3. Ask a friend Who’s a Teacher
Do you know any teachers or have friends who know of teachers? Write a quick brief with crucial points of what you cover and send it to them asking if you can speak in a classroom. I got a booking with an assembly and asked them if I could talk to 10 classrooms instead of 1 big class. It allowed me to get more time practising my presentations plus teachers are more likely to let you speak to a classroom than an entire assembly.
When I started, I did my first 50 schools for free. After that, I only charged $250 for nearly a year. Five years later, I started charging more and that was only where I needed to hire a full-time booking coordinator.
One thing that also worked well for me was that I talked to a guy who ran a company and asked if he would sponsor my next 10 talks going into schools around the topic of bullying. He agreed to the sponsorship and so I emailed several local schools notifying them of the following;
“10 sponsored talks valued at $500 for Free. First in, First served”
I got far more responses back from schools from ‘sponsored presentations” than “free” - why? Because there's no perceived value in free. But the value of $500 is $500 (unless you're in America … $500 Australia is like $50 bucks).
4. Social Media
Personally, if I were to start over, I would spend more time on marketing. The business of speaking is not just speaking itself but learning how to market.
I would have used Linkedin & Twitter a lot more, as many teachers don't go on Instagram and Facebook as often as younger audiences, as they don't want students trying to contact them. Most teachers I know, if they are on those platforms, don't use their real names for the very reason I stated above. This makes it hard to find any teachers and reach out.
Linkedin, on the other hand, is excellent. A lot of teachers, business owners, principals and conference organisers. My PA got me countless talks just by reaching out and signing-off with a simple “... and if you ever need a bullying presentation at your school, let me know. Thanks :)"
5. Website + Google Ads
It's real easy to over complicate it at the start and spend too much time and money on Website aspects before actually mastering successful speaking (at schools) --- on the other hand, its industry-standard to have at least an essential website. So, where's the middle ground? The best way forward is to either ask a friend to build you a website or build it yourself on WIX or another DIY templated website. Make it simple: Name, Topic/What you cover, quotes from schools, Contact details.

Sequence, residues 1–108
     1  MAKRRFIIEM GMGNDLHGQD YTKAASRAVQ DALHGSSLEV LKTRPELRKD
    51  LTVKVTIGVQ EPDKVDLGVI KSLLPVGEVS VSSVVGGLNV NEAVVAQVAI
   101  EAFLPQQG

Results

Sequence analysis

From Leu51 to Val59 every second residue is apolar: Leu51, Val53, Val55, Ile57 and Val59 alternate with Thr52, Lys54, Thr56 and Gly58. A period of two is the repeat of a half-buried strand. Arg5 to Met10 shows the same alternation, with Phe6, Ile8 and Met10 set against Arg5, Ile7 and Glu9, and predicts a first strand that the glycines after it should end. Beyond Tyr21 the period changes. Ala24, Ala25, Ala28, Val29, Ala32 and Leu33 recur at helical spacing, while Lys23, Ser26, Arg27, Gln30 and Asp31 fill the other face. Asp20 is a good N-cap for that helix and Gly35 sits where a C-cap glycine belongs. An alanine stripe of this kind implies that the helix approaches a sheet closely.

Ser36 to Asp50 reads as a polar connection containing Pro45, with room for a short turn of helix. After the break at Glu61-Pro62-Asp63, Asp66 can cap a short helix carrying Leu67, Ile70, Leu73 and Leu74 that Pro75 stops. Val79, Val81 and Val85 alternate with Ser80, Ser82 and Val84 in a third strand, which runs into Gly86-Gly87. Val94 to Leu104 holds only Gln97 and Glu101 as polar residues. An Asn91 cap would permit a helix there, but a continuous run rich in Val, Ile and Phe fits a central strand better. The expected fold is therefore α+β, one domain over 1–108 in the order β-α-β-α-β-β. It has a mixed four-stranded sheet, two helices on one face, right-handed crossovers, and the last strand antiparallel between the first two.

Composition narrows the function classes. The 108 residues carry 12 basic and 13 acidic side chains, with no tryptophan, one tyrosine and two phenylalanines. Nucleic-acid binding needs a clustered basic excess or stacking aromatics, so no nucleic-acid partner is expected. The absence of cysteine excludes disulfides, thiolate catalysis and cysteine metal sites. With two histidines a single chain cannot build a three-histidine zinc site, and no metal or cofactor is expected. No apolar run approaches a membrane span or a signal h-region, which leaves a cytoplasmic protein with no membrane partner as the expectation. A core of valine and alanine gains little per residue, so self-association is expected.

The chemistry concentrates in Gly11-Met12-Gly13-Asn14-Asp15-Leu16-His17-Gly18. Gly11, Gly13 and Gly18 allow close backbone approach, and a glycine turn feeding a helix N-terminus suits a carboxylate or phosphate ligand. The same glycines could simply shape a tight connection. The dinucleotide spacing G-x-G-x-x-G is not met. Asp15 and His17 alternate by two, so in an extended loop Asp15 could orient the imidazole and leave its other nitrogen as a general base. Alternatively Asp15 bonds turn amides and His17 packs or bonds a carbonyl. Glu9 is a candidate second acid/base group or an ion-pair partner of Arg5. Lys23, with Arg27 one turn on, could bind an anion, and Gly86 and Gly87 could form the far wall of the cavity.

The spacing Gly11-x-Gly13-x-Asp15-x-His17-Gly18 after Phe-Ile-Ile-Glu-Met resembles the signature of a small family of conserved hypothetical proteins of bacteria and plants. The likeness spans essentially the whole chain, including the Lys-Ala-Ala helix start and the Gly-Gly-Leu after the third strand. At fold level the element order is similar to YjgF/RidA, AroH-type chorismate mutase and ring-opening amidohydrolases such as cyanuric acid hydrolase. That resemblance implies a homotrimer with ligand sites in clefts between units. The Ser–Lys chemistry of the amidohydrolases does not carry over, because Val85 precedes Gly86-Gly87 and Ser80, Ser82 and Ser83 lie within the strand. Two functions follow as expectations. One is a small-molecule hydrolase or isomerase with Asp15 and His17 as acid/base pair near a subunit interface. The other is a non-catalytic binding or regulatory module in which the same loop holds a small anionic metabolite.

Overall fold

Google Ads are easy to set up - but I will say they can cost a lot. “Youth Speaker'' in Australia costs anywhere from $5-15 a click and so getting 100 clicks will cost $500-1500 (that's quick math). On the other side, those 100 clicks may end in 5 leads, leading to 1 sale. Now you need to charge at least $500 a presentation just to cover the cost (ad/marketing, travel, accommodation) or run at a loss until you start gaining momentum.
Pro Tip: pay for terms that are locally relevant to what you want. For instance, “Youth Speaker Sydney” is right for me because the leads are local and mean you won't be paying for people researching "How to become a youth speaker".
When I first started, this is what I did. Years ago, it cost me $5 a click, and every 100 clicks would get a booking. I lost money but made the most of every lead.
6. Ask For The Referral
Speaking of making the most of every lead, after a presentation I'd be sure to ask the teacher if they liked the presentation if they wouldn't mind recommending me to other local schools. A lot of the time, they would say yes. Even better was when I was more specific and straightforward ask something like this;
“Do you know anyone at South High School, West High School or Eastern High School? Could I ask you for a favour? Would you mind if I email them saying you enjoyed the presentation and would recommend me?
Then email those schools saying the local teacher recommended you and would like to book a time for a call to talk through what a presentation could look like and the benefits.
7. Teacher Magazines & Websites
Advertising costs money, but this has a better return than most. Simultaneously, Google & other social ads take a while to start working (usually three months), this is due to the algorithm needing time to figure out your ideal target audience.
For instance, you can pay for the keyword “youth speaker”, but many people who search for that term are not school coordinators but students and others looking at becoming a youth speaker. This ends up costing a lot as I mentioned above.
If I were to start again, I would have advertised more in teacher magazines as it’s 100% your target audience. Google “Teacher magazine”, and your local versions will come up. For online versions, You can also ask for a tracking tag to see how many viewers came from their website to yours to compare to Google and social ads.
When advertising, tell them what you do well. “(name) speaks on (topics) He/She is; Funny, Engaging & Educational”. 30% off for bookings made in September. Examples:
8. Get Listed on Speakers Websites
I haven’t got many inquiries from these types of websites - however, it’s worth playing the numbers game as well as having the ability to display their logos on your website to help you with credibility when you're starting.